Lilli chatni anna murghi kari
Lilli chatni, or cilantro chutney, will most likely be found on every Gujarati family’s kitchen table at dinner time. I make it regularly and always keep a jar of it in the fridge. I love eating it with samosas, on bread, with cheese, or whatever else is happy to sit underneath it while I carry it into my mouth. But when there’s some left over, it also makes for a magnificent curry when combined with chicken.
Although you will need to make the chutney before cooking this curry, it takes very little effort: you just need to combine a few ingredients in a blender and blitz.
Throw the ginger, garlic, and green chili into a mortar and pestle, along with a pinch of salt, and bash up to a coarse paste.
Put the oil into a wide-bottomed, lidded frying pan on a medium heat. When it’s hot, add the onions and fry, stirring occasionally, for 6 to 8 minutes, until they are starting to turn golden. Transfer half of the onions to a bowl and put to one side.
Add the ginger, garlic, and green chili paste and cook for around 3 minutes. Put the chicken pieces into the pan, sear them on all sides and add the chutney. Stir the chutney, pop the lid on, and turn the heat down to medium-low. Cook for around 15 minutes until the chicken is cooked through and tender.
In the meantime, transfer the onions from the bowl into a small frying pan and continue to cook them on a medium heat for another 10 to 15 minutes, until they are dark brown, soft, and sweet, then take them off the heat.
Add 1/2 teaspoon of salt (or to taste) to the chicken little by little, until it tastes just right, then take it off the heat.
Scatter the caramelized onions over the top of the curry just before serving. Serve alongside some steaming hot basmati rice or a pile of hot, homemade chapatis.
Makes 16 chapatis (enough for 4 people)
Chapati making is a beautiful sight to behold. When the family gathers together in the kitchen, it becomes a proper little production line. With one person rolling, another at the stove cooking, and everyone else getting all floury in between, pretty soon a brilliant tower of hot chapatis starts to form to the song-like Gujarati chatter in the background.
These quick, wholesome flatbreads are the perfect sidekick to curries as well as a great wrap for leftovers. Make as many as you can.
Put the flour into a bowl, add the salt, and mix together. Make a well in the middle, add 3 tablespoons of oil, and mix, using your fingers, until it resembles fine breadcrumbs. Pour in 1 cup of the water, then add the rest little by little – you may not need to add all of it – until you can knead the mixture into a soft and pliable dough, which will take around 6 to 8 minutes.
Lightly rub the dough with a teaspoon of oil (so it won’t dry out) and put to one side while you get your chapati rolling station ready. You will need a clean surface or a floured board like a chapatti board, ideally on one side of the stove top. You’ll also need a rolling pin, a bowl of flour in which to dip the balls of chapati dough, a spatula (or chapati press), a frying pan, and a plate for your cooked chapatis.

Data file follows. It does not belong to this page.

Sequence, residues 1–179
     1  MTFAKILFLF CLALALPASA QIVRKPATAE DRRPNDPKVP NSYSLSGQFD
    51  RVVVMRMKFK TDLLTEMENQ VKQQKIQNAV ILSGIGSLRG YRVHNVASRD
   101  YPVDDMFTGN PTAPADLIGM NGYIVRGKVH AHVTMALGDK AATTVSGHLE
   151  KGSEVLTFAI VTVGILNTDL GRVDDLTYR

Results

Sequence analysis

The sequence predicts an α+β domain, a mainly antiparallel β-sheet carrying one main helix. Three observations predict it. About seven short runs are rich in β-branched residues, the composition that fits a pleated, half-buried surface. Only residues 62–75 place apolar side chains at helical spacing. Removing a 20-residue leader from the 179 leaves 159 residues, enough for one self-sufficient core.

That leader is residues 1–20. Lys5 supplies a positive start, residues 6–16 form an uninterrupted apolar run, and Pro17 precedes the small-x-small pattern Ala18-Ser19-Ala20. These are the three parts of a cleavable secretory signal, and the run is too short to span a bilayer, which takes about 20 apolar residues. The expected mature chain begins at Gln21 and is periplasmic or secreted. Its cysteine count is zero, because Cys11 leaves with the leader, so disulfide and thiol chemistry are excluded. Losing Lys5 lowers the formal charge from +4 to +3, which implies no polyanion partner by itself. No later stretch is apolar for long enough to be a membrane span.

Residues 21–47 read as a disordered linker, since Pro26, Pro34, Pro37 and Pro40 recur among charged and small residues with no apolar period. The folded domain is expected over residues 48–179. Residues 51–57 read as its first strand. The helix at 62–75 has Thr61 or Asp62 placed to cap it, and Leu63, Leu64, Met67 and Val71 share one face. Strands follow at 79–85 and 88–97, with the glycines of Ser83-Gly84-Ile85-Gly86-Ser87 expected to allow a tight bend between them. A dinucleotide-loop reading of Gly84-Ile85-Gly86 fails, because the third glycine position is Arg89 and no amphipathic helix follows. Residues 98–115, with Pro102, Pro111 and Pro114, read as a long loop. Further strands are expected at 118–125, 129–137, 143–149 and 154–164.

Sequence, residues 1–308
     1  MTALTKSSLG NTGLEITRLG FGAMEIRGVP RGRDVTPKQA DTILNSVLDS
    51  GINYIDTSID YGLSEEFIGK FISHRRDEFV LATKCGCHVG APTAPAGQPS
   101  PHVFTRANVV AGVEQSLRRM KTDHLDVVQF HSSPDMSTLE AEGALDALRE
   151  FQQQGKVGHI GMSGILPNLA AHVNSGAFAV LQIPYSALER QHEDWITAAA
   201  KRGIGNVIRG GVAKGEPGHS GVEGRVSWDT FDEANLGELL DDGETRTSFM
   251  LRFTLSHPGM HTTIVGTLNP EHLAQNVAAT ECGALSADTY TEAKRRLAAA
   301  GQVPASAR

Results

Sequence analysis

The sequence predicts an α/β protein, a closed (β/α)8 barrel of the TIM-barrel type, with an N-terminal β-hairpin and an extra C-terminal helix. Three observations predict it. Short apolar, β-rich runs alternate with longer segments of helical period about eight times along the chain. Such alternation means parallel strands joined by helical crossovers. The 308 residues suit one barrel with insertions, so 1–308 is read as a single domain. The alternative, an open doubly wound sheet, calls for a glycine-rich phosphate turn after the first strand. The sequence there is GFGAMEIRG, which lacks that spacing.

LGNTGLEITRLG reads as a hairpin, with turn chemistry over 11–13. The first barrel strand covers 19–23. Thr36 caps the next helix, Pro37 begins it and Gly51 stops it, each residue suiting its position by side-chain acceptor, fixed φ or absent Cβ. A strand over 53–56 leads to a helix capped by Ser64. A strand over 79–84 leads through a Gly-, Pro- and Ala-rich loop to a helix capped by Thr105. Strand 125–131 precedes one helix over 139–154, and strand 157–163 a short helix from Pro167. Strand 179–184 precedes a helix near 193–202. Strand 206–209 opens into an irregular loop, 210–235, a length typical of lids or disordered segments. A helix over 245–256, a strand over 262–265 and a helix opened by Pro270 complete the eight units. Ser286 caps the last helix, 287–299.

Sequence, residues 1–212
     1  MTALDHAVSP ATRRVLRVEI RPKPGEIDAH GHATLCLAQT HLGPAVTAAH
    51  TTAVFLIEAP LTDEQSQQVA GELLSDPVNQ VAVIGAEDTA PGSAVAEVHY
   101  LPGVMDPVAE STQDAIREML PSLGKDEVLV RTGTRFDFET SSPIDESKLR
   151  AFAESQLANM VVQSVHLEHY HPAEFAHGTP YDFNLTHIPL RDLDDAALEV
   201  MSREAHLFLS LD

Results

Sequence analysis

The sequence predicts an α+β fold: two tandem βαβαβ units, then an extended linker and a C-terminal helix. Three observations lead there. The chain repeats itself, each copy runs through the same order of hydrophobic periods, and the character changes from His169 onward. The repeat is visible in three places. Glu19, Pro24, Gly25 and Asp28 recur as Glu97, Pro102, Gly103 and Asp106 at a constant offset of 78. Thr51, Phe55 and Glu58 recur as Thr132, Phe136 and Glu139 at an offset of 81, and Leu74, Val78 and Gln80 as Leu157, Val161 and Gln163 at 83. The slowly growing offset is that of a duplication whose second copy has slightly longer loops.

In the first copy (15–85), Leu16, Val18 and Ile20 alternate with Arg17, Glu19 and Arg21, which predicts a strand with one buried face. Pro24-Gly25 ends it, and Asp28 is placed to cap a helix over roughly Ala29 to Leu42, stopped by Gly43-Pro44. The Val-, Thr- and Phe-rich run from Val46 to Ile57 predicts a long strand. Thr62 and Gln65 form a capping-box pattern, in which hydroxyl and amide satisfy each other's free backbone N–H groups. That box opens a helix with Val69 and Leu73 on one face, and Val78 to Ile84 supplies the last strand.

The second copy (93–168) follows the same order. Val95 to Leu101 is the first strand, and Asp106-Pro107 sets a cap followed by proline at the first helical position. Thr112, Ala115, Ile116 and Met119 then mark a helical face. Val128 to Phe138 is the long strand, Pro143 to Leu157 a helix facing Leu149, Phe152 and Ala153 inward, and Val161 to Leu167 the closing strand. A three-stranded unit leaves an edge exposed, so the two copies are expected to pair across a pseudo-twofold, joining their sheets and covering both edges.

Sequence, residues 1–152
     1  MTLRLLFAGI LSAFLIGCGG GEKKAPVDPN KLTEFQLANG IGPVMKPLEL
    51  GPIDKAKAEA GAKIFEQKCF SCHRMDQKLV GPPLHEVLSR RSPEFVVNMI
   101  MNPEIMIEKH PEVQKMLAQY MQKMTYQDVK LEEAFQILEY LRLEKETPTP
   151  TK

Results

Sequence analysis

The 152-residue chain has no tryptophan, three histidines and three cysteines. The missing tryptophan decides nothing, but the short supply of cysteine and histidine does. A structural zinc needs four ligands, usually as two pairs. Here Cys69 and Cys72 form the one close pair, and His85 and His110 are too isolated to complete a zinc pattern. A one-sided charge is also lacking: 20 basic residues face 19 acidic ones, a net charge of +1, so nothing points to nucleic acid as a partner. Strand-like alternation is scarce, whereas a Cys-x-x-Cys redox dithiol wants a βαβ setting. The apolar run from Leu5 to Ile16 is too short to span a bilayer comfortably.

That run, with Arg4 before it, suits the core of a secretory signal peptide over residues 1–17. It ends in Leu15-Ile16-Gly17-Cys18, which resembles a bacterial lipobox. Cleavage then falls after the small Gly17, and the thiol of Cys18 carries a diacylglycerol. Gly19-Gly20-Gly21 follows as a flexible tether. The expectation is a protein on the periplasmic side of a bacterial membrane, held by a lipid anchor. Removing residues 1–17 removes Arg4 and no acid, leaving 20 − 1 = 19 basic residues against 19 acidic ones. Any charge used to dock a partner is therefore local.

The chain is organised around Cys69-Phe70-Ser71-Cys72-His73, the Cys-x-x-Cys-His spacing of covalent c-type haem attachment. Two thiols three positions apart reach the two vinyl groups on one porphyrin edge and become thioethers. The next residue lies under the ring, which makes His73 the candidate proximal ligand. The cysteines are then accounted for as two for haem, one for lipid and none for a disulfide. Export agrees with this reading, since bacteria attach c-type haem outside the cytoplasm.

Once all is ready, divide your dough into 16 pieces. Put the frying pan on a medium to high heat. Take one piece of dough, roll it into a ball between your palms, coat it generously with flour, flatten it into a disc, and then roll it out to around 4 inches in diameter. Lightly coat both sides in flour, roll it out to around 6 inches, and put it face side down on the hot pan.
Wait for the edges to turn white and for the chapati to start to bubble (30 to 40 seconds), then turn it over and cook the chapati for the same amount of time. Turn it over again – it should start to puff up at this point, so press it down gently with the flat side of the spatula – for around 10 seconds, then turn it over again and do the same. Check that all the dough is cooked (any uncooked spots will look dark and doughy) and put onto a plate. Cover with a towel or wrap in foil to keep warm, then repeat.
Many Indian women have mastered the art of rolling out a new chapati in exactly the time it takes to cook one, keeping a close eye on both the cooking and the rolling. It’s enormously efficient and rewarding, but many burned chapatis have been sacrificed in getting there, so don’t worry if it takes a while.
Makes around 6 ounces (a medium-sized jar)
Cilantro is to Indians what parsley is to the British. This delicate green leaf punches above its weight like a great showman and can brighten any dish with its fresh and citrusy taste. Whizzed up in this classic family recipe, it hits all the right notes. Sweet, sour, tangy, and delicious, this chutney is the perfect accompaniment to most Indian snacks.
This is a fresh chutney which is made to be consumed quickly, so there’s no need to sterilize the jar to store it in. You can keep it in a clean container in the fridge for a week, use any leftovers in my cilantro chutney chicken, or freeze it for another time.
To wash the cilantro, fill a bowl full of cold water and put the cilantro in it. Move the cilantro around in the water, then take it out and shake off the excess water.
Roughly chop the stems and leaves and put them in a blender. Add the peanuts, lemon juice, salt, sugar, turmeric, and 2 small chilis, and pulse them in the blender until the mixture has a smooth, almost pesto-like consistency. Add some water to help the mixture to blend if necessary. The result should be a smooth cilantro chutney which is equally sweet, fiery, and lemony. Add the remaining chili, or more lemon juice, salt, and sugar to balance it to your taste, then spoon it into your clean jar.
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